Self-reports of people with ID potentially contribute to the improvement of healthcare research for this group and the autonomy of people with ID, and answer their wish and democratic right to be involved in research [1517]. Furthermore, self-reported instruments may contribute to the growing demand for inclusive research as required by funding bodies and national policies [1820]. Despite the fact that the active involvement of people with ID in health research, either as respondents or as part of a research team [16], is increasingly popular [18, 20, 21], suitable and valid scales to collect self-reports on health and health-related behaviour among people with ID remain to be scarce [10, 22]. Online questionnaires which allow for data collection among large samples are required as the field of research for people with ID is in need of studies with larger sample sizes. Also, compared with interviews, questionnaires are less prone to acquiescence, social desirability and interviewer effect, which are important methodological challenges in data collection among people with ID [10, 22, 23]. So, adjusted versions of questionnaire scales designed for the general population are needed to tackle the methodological challenges of data collection among people with ID [10, 12, 22]. This pilot study aims to explore the applicability of self-reported health scales in research among people with mild ID, by adjusting, testing, and reflecting on three self-reported health scales together with co-researchers with ID.

Methods

Study context

Important contextual factors for study designs in which people with ID participate are: access to the population, ethical concerns, and the abilities of the target group [22, 24]. First, poor access to the population is due to: A) a lack of population-based registries of this population [24, 25], and B) organisational barriers to recruitment (e.g. obtaining organisational consent, communication problems, support of employees) when sampling through residential service providers [16, 24]. In this study the opportunity was taken to recruit amongst the large group of Special Olympics participants. Second, the burden and potential benefits for this vulnerable participant group should be carefully considered from an ethical point of view. Both researchers and co-researchers with ID assessed the original self-reported health scales as too difficult. They deemed the administration of these scales a probable cause of unnecessary stress, and, therefore, unethical. Hence, this stresses the demand for adapted versions of the scales. Finally, the following characteristics of people with ID ought be taken into account: A) the heterogeneity of the cognitive and linguistic abilities of people with ID [22]; B) the difficulties that people with ID have in making time-based judgements and comparisons [22]; and C) the high tendency towards acquiescence among people with ID [12].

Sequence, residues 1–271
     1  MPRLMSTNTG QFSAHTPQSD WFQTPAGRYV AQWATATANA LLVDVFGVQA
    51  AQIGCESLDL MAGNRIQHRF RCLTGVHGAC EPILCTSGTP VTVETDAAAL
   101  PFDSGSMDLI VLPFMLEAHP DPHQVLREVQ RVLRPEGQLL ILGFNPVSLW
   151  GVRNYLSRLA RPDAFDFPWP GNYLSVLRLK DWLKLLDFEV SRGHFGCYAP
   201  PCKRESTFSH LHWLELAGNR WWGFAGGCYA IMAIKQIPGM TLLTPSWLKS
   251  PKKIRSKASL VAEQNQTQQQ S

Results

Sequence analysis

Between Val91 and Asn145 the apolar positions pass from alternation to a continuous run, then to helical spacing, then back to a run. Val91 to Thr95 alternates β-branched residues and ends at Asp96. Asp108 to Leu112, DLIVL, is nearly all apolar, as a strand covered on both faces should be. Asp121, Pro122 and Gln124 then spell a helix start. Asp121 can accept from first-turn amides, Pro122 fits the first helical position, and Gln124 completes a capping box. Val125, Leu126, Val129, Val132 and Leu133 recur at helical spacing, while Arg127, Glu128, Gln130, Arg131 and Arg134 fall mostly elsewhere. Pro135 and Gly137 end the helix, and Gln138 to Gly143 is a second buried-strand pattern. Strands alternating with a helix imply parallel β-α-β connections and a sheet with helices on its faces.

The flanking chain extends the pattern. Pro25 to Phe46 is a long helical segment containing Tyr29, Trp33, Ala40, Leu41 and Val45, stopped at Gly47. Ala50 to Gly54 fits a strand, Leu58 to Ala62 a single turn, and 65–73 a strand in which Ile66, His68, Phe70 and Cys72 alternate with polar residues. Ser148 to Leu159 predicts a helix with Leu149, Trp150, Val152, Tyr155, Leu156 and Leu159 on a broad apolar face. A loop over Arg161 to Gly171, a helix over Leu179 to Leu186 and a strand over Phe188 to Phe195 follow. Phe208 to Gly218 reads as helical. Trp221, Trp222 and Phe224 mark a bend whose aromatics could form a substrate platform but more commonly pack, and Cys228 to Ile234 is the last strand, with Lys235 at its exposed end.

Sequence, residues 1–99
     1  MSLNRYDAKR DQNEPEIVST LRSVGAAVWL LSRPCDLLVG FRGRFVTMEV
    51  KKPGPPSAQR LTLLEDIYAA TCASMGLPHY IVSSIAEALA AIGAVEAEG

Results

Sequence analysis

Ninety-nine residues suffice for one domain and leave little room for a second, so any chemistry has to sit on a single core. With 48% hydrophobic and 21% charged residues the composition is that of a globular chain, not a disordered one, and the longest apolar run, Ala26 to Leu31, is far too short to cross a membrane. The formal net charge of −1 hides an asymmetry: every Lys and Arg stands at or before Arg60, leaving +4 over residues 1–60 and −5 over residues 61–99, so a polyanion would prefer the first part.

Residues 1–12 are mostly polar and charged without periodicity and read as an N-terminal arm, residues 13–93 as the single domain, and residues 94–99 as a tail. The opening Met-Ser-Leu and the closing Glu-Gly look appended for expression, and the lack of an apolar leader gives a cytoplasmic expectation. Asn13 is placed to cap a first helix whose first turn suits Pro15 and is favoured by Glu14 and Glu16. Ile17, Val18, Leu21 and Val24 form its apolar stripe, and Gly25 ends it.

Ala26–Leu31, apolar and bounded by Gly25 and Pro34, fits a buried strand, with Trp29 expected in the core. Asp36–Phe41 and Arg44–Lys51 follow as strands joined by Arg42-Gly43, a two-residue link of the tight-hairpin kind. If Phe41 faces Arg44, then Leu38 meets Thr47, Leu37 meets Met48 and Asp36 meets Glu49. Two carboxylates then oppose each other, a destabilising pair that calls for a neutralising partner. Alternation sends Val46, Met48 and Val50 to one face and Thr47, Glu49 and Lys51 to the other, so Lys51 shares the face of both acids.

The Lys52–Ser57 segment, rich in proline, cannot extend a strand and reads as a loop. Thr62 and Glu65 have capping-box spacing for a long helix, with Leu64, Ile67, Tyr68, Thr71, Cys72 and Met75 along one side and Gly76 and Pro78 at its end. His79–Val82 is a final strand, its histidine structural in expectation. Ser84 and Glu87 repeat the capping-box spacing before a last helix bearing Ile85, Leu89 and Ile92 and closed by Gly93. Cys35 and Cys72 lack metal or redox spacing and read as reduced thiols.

Data collection

This inclusive study on self-perceived health and health behaviours amongst people with ID consisted of three phases: (1) adjusting the three health scales; (2) performing an online test-retest study of the adjusted scales among people with ID; and (3) reflecting on the adjusted scales and the test-retest study results. To facilitate an inclusive approach, people with ID participated actively during the study as co-researchers [21] in phases 1 and 3. Five co-researchers who had been involved in previous studies by our research group were invited to participate in this research project because of their experience in advising on data collection.

Phase 1: inclusively adjusting the health scales

Three health scales frequently used in the general population were selected by the researchers. Adjustments to the scales, the informed consent procedure, and the outline of the online questionnaire for people with ID were discussed by two co-researchers and the principal researcher, resulting in a list of recommendations according to which the researchers adjusted the questionnaire. Then, the adjusted questionnaire was pilot tested by three other co-researchers. Their feedback, together with recommendations from relevant literature [10, 12, 22, 23, 26], was used by the researchers to develop the final questionnaire. The recommendations and the adjusted scales are described in the results section.

Phase 2: test-retest of the adjusted scales

Sampling, recruitment, and informed consent